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activities asked attention attractive beauty become better body brain bring budget campus carry character comes course dance desire dress effort energy enter exercise experience expression face fact feel Freshman girl friends friendship give given habit hand happiness hard human hundred idea ideals important intellectual interest invited keep kind knowledge less live look matter means meet mental mind natural never one's opportunity physical play possible problem question realize result seems sense sleep social sorority speak spend spirit student task teacher things thought tion true truth turn wise woman women young youth
Page 38 - I think myself in hell, till time come that I must go to Mr. Elmer; who teacheth me so gently, so pleasantly, with such fair allurements to learning, that I think all the time nothing whiles I am with him. And when I am called from him, I fall on weeping, because whatsoever I do else but learning, is full of grief, trouble, fear, and whole misliking unto me.
Page 129 - A third maxim may be added to the preceding pair: Seize the first possible opportunity to act on every resolution you make, and on every emotional prompting you may experience in the direction of the habits you aspire to gain. It is not in the moment of their forming, but in the moment of their producing motor effects, that resolves and aspirations communicate the new "set
Page 38 - God made the world ; or else I am so sharply taunted, so cruelly threatened, yea presently sometimes with pinches, nips, and bobs, and other ways (which I will not name for the honour I bear them) so without measure mis-ordered, that I think myself in hell, till time come that I must go to Mr.
Page 25 - Homer ruled as his demesne; Yet did I never breathe its pure serene Till I heard Chapman speak out loud and bold: Then felt I like some watcher of the skies When a new planet swims into his ken; Or like stout Cortez when with eagle eyes He star'd at the Pacific — and all his men Look'd at each other with a wild surmise — Silent, upon a peak in Darien.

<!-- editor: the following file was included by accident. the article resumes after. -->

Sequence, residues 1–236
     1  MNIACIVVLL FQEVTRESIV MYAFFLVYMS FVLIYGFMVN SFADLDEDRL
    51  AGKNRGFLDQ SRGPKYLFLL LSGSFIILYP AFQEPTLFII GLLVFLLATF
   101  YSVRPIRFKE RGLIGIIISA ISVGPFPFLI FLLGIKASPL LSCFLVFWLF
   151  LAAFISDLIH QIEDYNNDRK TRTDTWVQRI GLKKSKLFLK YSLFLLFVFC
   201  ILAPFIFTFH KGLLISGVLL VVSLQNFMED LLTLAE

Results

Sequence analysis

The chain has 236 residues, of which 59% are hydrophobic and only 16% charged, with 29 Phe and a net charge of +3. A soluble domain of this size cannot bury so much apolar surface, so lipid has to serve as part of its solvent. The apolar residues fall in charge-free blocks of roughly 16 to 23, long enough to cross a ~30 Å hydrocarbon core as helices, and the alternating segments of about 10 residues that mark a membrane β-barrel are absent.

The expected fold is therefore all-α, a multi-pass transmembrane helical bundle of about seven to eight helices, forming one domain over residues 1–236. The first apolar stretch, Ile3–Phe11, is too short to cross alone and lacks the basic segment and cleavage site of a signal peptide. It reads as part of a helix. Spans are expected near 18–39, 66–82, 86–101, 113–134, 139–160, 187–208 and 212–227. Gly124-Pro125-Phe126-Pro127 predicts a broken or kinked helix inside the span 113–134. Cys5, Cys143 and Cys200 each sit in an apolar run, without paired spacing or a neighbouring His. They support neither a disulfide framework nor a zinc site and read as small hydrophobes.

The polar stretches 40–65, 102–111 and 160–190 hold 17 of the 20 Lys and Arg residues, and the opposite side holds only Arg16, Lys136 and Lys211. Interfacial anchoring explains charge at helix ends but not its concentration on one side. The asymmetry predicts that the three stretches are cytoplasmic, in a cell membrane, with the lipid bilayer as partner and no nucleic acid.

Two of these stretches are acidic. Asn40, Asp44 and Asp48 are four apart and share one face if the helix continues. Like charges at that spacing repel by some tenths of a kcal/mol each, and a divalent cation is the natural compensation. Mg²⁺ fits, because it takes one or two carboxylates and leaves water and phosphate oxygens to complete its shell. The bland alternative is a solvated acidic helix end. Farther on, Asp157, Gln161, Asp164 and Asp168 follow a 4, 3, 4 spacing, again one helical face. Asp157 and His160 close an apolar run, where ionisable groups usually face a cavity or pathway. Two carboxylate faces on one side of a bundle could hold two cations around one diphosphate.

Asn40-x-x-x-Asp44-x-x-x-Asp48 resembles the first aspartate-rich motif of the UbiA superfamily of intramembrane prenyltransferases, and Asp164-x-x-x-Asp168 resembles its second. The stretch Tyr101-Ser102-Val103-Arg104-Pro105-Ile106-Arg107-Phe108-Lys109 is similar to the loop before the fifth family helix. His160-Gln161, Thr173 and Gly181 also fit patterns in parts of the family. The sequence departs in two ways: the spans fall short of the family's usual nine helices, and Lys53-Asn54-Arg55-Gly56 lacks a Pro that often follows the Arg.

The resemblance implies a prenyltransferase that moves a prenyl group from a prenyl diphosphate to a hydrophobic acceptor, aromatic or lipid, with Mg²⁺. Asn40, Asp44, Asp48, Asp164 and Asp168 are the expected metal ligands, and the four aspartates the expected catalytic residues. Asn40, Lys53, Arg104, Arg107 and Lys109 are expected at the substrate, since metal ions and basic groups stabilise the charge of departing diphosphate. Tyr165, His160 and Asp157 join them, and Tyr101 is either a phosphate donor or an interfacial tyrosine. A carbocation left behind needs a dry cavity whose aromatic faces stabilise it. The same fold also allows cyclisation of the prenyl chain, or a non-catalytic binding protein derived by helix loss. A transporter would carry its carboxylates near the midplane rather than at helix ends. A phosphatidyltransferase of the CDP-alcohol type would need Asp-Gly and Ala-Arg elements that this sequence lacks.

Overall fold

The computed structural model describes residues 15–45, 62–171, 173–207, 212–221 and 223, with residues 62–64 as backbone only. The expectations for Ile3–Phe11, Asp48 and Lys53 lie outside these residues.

Page 68 - So was he lifted gently from the ground, And with their freight homeward the shepherds moved Through the dull mist, I following — when a step, A single step, that freed me from the skirts Of the blind vapour, opened to my view Glory beyond all glory ever seen By waking sense or by the dreaming soul...
Page 48 - One must be an inventor to read well. As the proverb says, ' He that would bring home the wealth of the Indies, must carry out the wealth of the Indies.
Page 67 - From all that's fair, from all that's foul, Peals out a cheerful song. It is not only in the rose, It is not only in the bird, Not only where the rainbow glows, Nor in the song of woman heard, But in the darkest, meanest things There alway, alway something sings.
Page 131 - Let the expression be the least thing in the world— speaking genially to one's aunt, or giving up one's seat in a horse-car, if nothing more heroic offers — but let it not fail to take place.
Page 37 - I wist all their sport in the park is but a shadow to that pleasure that I find in Plato. Alas ! good folk, they never felt what true pleasure meant.